And yet, that is precisely what we do not need in America at this moment. What, then, do we need?

I ask that question of young Christina tonight, and there is only silence. In that hallowed silence, though, lies the answer to our question: what we need in America is not anger, but wisdom; not violence, but compassion; not hatred, but love for one another.

Christina Green was born on 9/11/01; in her death, could not something yet pass from her to all of us?

Tonight, we say our prayers for the dead, and we pray to keep the living; and while we pray, let us also pray for our beloved country, that we may yet achieve a measure of peace and compassion for one another. In our despair, let us pray to receive a measure of wisdom; night may have fallen, but the morning comes. And in that morning, let us redeem the fallen by redeeming the scarred, torn world we all inhabit.

Six years ago Wikipedia started with a radical idea. That’s true. I ain’t promising you nothing extra. I’m just giving you life and you’re giving me life. And I’m saying that men can live together without butchering one another.

Now remember, when things look bad and it looks like you’re not gonna make it, then you gotta get mean. I mean plumb, mad-dog mean. ‘Cause if you lose your head and you give up then you neither live nor win. That’s just the way it is.

Dyin’ ain’t much of a living, boy.

Please consider a generous donation to the Wikimedia Foundation.

(Photo courtesy Apple, Inc.)

By now, you’ve heard that Apple has secured the rights to sell the Beatles’ catalog on iTunes. People have been expecting that to happen for years now, so the announcement is fairly anti-climactic: more “about time!” and “finally!” than “awesome!”.

That’s not what I’m concerned with, though. I want you to take a good look at the picture.

I don’t know when the photograph was taken, but it had to have been at or near the apex of their creative powers – maybe around Revolver or The White Album. Regardless, two things struck me about that picture.

One, look at how Paul McCartney and John Lennon are standing – John’s back is turned to Paul, and you can viscerally feel the gulf between them.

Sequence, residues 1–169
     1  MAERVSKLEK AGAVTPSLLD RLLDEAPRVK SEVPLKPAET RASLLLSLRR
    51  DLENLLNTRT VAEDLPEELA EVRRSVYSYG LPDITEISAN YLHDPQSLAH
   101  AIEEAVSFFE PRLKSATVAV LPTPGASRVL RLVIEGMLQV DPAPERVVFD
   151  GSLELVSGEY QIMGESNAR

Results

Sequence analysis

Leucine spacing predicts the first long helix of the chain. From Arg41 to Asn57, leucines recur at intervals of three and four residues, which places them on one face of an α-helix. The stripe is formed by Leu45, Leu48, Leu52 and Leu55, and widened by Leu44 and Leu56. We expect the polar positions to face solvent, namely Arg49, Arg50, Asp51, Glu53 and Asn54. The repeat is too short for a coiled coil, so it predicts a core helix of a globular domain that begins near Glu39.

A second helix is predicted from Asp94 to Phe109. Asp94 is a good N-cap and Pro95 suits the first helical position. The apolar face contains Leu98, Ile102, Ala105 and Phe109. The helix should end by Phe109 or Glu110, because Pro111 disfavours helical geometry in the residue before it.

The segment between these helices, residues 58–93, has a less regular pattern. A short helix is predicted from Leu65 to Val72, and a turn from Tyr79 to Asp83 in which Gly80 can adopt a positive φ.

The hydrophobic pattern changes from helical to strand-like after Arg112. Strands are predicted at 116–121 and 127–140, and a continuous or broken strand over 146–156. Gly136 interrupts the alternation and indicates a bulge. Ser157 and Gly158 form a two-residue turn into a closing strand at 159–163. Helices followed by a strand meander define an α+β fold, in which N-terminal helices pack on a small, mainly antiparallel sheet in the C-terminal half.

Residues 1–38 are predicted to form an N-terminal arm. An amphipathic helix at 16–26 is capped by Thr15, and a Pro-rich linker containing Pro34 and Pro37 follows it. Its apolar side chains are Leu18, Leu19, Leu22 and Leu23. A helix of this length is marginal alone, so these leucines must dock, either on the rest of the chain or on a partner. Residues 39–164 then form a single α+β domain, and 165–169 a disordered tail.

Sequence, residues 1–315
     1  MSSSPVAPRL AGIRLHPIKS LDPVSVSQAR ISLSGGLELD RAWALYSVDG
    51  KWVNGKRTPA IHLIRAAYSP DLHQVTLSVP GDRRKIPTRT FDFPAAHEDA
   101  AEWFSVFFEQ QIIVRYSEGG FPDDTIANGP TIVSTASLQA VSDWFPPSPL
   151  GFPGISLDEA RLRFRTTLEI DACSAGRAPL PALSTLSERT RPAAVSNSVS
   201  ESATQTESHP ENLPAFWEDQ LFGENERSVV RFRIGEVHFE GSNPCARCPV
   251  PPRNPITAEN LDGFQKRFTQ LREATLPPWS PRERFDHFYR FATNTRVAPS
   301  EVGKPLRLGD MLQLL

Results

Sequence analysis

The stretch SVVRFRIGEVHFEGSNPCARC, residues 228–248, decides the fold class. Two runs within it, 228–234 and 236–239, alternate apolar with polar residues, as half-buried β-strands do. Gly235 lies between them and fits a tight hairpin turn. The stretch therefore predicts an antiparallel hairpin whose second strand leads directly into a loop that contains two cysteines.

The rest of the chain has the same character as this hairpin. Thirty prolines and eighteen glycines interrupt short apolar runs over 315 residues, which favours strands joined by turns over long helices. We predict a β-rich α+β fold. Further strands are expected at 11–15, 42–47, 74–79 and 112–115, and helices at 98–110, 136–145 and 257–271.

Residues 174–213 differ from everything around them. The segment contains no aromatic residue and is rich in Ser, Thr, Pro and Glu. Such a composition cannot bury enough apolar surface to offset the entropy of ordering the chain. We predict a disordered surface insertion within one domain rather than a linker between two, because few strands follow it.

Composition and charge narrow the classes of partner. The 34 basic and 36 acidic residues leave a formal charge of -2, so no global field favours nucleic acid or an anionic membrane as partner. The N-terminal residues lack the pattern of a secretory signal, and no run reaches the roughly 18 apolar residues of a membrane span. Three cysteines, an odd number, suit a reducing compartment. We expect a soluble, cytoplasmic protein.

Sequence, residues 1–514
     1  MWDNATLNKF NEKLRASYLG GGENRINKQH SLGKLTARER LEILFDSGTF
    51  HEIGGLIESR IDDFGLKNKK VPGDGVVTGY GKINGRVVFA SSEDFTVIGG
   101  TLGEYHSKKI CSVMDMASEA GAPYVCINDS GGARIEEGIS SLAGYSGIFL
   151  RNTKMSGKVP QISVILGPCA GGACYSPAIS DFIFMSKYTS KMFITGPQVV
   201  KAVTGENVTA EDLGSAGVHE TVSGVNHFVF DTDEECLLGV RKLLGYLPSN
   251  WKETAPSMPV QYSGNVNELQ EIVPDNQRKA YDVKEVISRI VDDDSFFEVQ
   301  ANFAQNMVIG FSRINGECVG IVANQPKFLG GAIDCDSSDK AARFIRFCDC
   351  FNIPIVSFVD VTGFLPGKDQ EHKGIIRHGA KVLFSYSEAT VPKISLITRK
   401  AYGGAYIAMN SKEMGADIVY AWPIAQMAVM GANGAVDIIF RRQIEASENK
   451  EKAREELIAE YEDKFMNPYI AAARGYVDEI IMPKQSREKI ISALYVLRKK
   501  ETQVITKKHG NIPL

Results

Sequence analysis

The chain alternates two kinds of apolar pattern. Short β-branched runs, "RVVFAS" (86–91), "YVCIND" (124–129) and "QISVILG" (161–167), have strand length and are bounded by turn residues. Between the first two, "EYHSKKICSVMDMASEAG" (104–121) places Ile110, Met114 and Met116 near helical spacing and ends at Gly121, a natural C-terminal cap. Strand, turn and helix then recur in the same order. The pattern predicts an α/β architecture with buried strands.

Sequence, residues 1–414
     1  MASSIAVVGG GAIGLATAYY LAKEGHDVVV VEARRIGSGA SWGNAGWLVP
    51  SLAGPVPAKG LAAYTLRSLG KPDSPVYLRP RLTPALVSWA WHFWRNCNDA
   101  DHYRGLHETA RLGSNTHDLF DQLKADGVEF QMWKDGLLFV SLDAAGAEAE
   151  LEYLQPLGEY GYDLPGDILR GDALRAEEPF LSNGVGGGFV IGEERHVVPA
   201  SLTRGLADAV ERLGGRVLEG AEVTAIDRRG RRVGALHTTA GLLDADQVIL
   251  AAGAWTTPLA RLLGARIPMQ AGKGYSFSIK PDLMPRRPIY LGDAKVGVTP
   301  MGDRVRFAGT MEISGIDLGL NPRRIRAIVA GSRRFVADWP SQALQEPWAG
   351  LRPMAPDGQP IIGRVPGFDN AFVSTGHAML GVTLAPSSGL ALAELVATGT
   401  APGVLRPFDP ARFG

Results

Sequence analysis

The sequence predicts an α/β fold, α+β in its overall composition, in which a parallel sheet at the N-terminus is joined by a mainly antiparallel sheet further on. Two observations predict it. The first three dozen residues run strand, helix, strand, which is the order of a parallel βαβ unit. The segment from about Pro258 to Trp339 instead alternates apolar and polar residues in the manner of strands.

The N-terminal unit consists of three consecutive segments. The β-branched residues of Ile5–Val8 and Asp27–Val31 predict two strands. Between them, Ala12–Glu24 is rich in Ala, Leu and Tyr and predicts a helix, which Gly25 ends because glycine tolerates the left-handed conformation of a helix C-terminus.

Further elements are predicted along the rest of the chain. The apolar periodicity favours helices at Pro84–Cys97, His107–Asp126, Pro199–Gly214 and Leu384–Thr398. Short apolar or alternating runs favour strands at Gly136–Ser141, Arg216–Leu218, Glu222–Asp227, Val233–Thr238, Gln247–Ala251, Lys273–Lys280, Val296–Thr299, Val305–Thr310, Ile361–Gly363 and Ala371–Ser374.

Two, the picture is strikingly modern. If I didn’t know the Beatles, and the picture was enhanced to look more “contemporary”, I’d easily guess that they were a present-day band.

It’s this sense of “timelessness” that I suspect drove Apple to announce the acquisition with such fanfare. And yet…it’s been over 50 years since they arrived on the music scene. John and George are dead, Paul is now Sir Paul and Ringo is sort of the music world’s daft uncle. I can’t help but think that the fanfare is more elegiac than triumphant.

There are no words.

(photo credit Dominic Lipinski/PA)

By now, you know that at least 25,000 students protested an onerous hike in British university fees today. The Coalition government is proposing to increase tuition at British universities to about £9,000/year (or about $14,500/year).

I know that number doesn’t seem too onerous here in the U.S. – but, as in most things, it’s the United States that’s wildly out of sync. When I mention to foreign friends that American law school students can expect to graduate with around $250,000 (yes, a quarter of a million) of student loan debt, the universal response is revulsion. They’re used to comprehensive state subsidies for higher education.

Here’s the thing: any cogent arguments that were made at today’s demonstrations are essentially obliterated by the picture above. And that’s a damned shame.